Thursday, June 23, 2011

There's a Trace of it in Everything: Choreographer Richard Tremblay on Yoga, Kathakali Dance Theatre, and Choreographic Practice

(Richard Tremblay as Arjuna in Kathakali Dance Drama, courtesy R.Tremblay)
 "Anyway, so I went to the Himalayas and that's where I met my guru Tat Wale Baba. He lived on the banks of the Ganga the same place where the world famous guru, Mahesh Yogi first met the Beatles. So my guru had his small ashram there; and he and Mahesh Yogi were very well acquainted with another as they had the same teacher. They came from a very small family so-to-speak. But they went two separate ways. Tat Wale Baba was living in a cave. And Mahesh Yogi went the world over, to Holland and the US where he established many ashrams. So the two of them chose two very different paths. I chose to follow Tat Wale Baba. He was living in a cave. That appealed to me..." (Richard Tremblay on studying yoga in the Himalayas with Tat Wale Baba)

(Yogi Tat Wale Baba)
I t's not everyday that you speak to a choreographer who tells you that he spent a number of months studying yoga in a cave given to him by the hermetic yogi Tat Wale Baba. And this was just one of the many stories unearthed in a few hours of cross-continental file transfer with Quebecois Kathakali dancer and choreographer Richard Tremblay. At the time that I contacted him for this interview, Richard was creating new work at Kerala Kalamandalam, the prestigious university for the performing arts in Kerala, South India.

Richard Tremblay is a dancer/choreographer with a varied cultural background and a rich history from which he weaves his own personal understanding of the importance of a yoga in the life of a choreographer. Richard Tremblay is credited with being the first Canadian to have trained in a form of dance-theatre known as Kathakali, and then choreographed new, cross-cultural works using traditional Kathakali conventions. For those of you who know little about Kathakali, the sidebar this month features Into the Dreams of Heroes, an article by photographer Stuart Freedman, whose shots of life at Kerala Kalamandalam are featured in this entry.

(Richard Tremblay, courtesy Tremblay)
Richard Tremblay entered choreographic theatre in Quebec in the 1970's before turning toward Kathakali and contemporary dance. Constantly seeking out new codes in dance, he attended the Indian university for the performing arts, Kerala Kalamandalam, where he received training in Kathakali, subsequently devoting several years to performing this dance-theatre form. He founded Dance Theatre Kalashas in 1981 to do repertory and creation work in Kathakali. Its long-term artistic project is based on bringing together different cultures and aesthetics in the renewal of choreographic languages. The desired artistic result is not a fusion, combination or hybrid of different forms, but an act of creation in its own right, and resolutely contemporary. In 1988, after his Kathakali training, he created The Anger of Achilles (The Iliad), which was presented in Kerala, Bombay and Singapore. Richard Tremblay is the first choreographer from the West to contribute new works to the Kathakali repertoire. He divides his creative activity between Kathakali and contemporary dance.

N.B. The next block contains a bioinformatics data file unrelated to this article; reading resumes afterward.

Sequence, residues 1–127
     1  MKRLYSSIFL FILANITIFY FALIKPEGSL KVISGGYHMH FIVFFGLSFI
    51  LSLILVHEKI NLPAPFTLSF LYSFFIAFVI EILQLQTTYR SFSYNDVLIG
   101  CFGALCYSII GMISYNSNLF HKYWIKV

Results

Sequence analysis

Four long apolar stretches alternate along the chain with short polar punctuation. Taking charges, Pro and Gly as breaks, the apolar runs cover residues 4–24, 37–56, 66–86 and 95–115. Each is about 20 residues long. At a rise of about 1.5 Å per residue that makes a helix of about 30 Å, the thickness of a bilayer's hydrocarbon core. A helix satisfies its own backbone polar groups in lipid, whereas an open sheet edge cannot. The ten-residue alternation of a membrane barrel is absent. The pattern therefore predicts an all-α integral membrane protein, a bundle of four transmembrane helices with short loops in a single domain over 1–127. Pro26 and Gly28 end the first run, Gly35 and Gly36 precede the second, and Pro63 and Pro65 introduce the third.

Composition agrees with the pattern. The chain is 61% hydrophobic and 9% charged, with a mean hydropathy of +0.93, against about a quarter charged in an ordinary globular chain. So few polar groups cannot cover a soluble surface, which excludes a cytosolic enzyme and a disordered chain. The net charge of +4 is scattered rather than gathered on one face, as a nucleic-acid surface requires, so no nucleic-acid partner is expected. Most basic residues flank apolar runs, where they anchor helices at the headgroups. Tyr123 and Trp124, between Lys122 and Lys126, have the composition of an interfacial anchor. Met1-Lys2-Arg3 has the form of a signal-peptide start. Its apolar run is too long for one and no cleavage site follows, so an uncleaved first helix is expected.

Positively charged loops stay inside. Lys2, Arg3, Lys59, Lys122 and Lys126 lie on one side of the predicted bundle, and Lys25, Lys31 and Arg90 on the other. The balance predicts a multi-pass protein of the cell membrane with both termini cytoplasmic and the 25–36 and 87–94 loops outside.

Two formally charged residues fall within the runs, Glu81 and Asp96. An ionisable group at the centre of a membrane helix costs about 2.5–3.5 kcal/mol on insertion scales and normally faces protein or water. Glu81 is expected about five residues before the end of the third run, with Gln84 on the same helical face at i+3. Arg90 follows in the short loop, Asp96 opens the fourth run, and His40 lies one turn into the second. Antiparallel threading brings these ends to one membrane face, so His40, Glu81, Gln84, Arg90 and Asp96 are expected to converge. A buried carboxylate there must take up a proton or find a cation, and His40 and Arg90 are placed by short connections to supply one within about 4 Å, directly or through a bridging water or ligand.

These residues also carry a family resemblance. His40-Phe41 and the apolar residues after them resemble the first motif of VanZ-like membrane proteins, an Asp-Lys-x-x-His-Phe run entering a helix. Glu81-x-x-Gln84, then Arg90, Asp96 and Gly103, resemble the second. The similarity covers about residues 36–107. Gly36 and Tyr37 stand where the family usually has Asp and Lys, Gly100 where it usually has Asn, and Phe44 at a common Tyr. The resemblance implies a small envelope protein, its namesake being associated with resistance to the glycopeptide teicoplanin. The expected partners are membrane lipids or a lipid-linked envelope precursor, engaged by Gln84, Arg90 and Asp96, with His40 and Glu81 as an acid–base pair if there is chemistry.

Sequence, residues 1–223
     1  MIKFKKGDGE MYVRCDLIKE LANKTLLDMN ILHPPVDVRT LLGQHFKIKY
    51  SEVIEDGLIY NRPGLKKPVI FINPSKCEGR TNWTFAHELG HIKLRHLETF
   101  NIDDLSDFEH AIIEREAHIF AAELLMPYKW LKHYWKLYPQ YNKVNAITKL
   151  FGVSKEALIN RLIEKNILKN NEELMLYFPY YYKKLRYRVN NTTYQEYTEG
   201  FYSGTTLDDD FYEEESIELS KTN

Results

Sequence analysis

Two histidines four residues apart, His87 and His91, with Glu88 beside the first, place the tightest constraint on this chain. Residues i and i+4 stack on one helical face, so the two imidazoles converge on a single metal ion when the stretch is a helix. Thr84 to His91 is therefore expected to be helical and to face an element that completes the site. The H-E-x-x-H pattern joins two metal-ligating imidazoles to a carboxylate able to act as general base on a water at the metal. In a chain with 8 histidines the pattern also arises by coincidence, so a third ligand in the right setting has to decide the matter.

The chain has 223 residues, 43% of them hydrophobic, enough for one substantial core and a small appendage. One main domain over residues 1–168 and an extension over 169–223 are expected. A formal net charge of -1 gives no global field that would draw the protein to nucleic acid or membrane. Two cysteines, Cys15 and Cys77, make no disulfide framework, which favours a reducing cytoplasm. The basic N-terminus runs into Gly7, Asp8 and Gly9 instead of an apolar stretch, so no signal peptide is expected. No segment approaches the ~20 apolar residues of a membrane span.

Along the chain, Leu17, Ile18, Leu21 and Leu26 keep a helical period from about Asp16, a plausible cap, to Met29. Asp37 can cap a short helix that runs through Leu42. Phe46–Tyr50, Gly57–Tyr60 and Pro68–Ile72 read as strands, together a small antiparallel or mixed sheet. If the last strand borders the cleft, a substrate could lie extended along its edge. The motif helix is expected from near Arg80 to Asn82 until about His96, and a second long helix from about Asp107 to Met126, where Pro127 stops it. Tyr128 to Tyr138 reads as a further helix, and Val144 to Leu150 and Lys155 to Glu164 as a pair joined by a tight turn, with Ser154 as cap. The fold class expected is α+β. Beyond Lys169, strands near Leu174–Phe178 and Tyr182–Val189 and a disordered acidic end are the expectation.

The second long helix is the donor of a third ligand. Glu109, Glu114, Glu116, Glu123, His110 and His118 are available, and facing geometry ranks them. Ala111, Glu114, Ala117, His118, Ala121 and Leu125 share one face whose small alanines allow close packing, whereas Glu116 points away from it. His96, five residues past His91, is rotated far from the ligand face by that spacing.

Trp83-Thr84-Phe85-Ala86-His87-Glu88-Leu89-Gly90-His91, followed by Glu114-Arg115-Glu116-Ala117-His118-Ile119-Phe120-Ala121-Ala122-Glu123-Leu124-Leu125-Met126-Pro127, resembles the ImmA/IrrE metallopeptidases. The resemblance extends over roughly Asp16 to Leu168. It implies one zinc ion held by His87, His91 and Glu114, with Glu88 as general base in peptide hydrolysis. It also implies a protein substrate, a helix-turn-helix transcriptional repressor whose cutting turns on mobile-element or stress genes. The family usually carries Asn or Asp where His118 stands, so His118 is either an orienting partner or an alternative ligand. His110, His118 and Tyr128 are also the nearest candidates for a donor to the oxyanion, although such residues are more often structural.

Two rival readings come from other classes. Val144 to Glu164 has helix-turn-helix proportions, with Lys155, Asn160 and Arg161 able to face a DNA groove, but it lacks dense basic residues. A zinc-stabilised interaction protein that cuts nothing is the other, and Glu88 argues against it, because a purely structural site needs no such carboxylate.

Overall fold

He is currently working in collaboration with Bruno Paquet, a percussion composer, and with Jean-Guy Lecat, a long-time associate of Peter Brook. In its productions and creation workshops, Kalashas has collaborated with the Montreal organizations Usine C, Danse Cité, Agora de la danse and Tangente, as well as with the Centre chorégraphique national de Franche-Comté, in France, the Shastri Indo-Canadian Institute in Calgary/Delhi, the Sangeeth Natak Academy in Thrissur, Kerala, and with production organizations in Singapore.  His most recent creation, The Legends of Jil & Yill (2004-05), integrates text and music with dance. Also included in this list of contemporary dances are: Himalayas; Prayer for a Rope, a
Pope and a Rogue (2004) Courbe en Flocon de Neige
(1995), Heaps of percolation (1993), Paradox of the Burning Sky (1992), The Attracteur of Ezhikode (1991), Of Mice and Other Similar Devices (1990), and Indra (1986).

Richard Tremblay's observations about the role of yoga in the performing arts is informed by his many encounters and friendships with extraordinary artists including the late Chandralekha, the fierce, heterodox contemporary Indian choreographer who was directly influenced by yoga's physical practices. But as you will read, his discourse is equally permeated by a deep sense of his own relationship with his early yoga practice, his long relationship with the philosophy and cultural milieu of Kathakali in Kerala, and his own understanding of the yogic process through his choreographic explorations.

"Much of the work of the choreographer is not to try to put yoga into the content of choreography, but to try to put the conditions in place where the dancer can achieve the most of themselves."(Richard Tremblay)

(Bruno Paquet percussion/chenda (left), Richard Tremblay (right), photo: R.Tremblay)
(Prof. Balasubramanian at Kalamandalam instructs on mudras or hand gestures, ©Stuart Freedman)